While sitting at my desk one day, I wrote out the above things that I offered at these parties. We SPARKLED in the décor, we MOVED to the music, we INDULGED in the food and drinks, we LAUGHED until it hurt and we EXHALED as we left. Oh my goodness, there it is - SMILE!
2. As you dig deeper you will get closer to your niche. Your niche is what makes you unique and different than the rest. My SMILE method of girlfriend therapy is what became my brand and my trademark. There may be others doing what you want to do, but there is only one of YOU. And You are unique. You just need to let others see what that uniqueness is.
One other thing that became a problem for me, was never finding the right gifts for my girlfriends. When it was their birthdays, if they were sick, or going through a hard time, my go-to was Edible Arrangements. I mean who doesn’t love a great chocolate-dipped strawberry? Over time it just became so impersonal for me. I would shop and run around the mall but the time that took while juggling the rest of my life just added stress.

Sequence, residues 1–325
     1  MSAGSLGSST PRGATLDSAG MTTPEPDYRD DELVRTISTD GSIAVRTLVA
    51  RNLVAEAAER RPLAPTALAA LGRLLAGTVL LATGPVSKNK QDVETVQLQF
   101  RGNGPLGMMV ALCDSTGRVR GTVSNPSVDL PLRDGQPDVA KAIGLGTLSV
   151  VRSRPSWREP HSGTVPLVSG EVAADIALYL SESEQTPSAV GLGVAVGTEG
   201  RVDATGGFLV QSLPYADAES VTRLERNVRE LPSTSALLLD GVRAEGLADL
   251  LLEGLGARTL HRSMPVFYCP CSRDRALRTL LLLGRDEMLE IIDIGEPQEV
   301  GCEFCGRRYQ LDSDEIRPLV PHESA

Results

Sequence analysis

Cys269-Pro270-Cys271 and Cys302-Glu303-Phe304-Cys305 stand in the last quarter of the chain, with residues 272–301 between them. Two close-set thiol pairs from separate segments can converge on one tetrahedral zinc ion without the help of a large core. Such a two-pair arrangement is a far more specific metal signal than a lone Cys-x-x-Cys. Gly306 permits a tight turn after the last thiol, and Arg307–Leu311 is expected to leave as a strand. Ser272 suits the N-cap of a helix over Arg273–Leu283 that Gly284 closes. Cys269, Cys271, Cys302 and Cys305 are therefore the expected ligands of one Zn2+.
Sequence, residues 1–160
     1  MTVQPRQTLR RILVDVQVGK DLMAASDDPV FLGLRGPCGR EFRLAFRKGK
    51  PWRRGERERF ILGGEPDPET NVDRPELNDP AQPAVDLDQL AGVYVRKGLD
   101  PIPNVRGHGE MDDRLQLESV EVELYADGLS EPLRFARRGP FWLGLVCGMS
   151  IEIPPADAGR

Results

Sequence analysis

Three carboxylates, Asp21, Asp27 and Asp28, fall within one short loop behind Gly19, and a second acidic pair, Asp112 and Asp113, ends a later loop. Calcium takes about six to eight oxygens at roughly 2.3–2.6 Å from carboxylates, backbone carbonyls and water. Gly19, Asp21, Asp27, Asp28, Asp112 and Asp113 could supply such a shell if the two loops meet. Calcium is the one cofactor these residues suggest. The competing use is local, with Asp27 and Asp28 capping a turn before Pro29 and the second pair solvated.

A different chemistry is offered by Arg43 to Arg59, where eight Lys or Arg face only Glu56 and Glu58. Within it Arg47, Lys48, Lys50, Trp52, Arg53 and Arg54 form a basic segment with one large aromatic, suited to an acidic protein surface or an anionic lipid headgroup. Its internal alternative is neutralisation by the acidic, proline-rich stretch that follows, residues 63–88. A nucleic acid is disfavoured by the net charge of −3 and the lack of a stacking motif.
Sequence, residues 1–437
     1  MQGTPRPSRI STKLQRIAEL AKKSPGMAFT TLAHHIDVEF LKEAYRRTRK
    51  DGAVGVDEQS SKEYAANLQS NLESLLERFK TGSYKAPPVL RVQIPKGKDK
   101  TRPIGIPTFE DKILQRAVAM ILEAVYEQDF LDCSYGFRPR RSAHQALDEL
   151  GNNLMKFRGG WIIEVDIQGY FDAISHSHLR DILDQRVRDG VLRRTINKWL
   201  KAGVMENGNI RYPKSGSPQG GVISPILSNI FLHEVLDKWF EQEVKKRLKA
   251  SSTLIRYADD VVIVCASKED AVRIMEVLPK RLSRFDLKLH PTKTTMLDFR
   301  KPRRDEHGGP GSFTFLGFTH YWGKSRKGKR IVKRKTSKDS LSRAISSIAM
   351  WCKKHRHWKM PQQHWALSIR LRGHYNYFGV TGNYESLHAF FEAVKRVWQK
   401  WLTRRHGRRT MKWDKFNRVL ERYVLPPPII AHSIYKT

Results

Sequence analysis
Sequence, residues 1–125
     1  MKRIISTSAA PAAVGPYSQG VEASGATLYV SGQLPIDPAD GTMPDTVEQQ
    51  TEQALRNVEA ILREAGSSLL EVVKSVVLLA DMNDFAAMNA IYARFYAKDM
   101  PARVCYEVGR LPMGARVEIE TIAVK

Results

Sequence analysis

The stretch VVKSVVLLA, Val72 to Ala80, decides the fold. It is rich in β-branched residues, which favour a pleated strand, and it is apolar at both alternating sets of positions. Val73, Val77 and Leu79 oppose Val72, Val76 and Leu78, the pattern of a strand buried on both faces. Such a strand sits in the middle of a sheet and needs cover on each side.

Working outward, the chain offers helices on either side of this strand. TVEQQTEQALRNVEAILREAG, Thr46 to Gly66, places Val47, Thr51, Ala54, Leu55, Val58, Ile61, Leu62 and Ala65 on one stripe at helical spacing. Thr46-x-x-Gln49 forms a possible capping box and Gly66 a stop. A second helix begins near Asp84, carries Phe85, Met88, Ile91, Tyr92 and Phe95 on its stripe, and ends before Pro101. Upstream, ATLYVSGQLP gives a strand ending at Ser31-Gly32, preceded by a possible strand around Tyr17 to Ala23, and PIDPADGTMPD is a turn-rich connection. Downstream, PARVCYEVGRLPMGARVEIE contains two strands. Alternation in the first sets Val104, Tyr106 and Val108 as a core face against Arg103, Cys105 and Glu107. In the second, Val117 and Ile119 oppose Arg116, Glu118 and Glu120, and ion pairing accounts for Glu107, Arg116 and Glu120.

I knew I wasn’t ready to jump into a brick-and-mortar space, but what if I took the S.M.I.L.E. and turned them into themed gift boxes? Boxes full of curated items with a personal touch that people could easily order online. This sounded great to me but I didn't know anything about gift boxes. Subscription boxes were hot and I did have a background in the operation of memberships, so I knew there must be a way to learn. I found Subscription Box Bootcamp which was great because I didn't have the desire or time to start from scratch.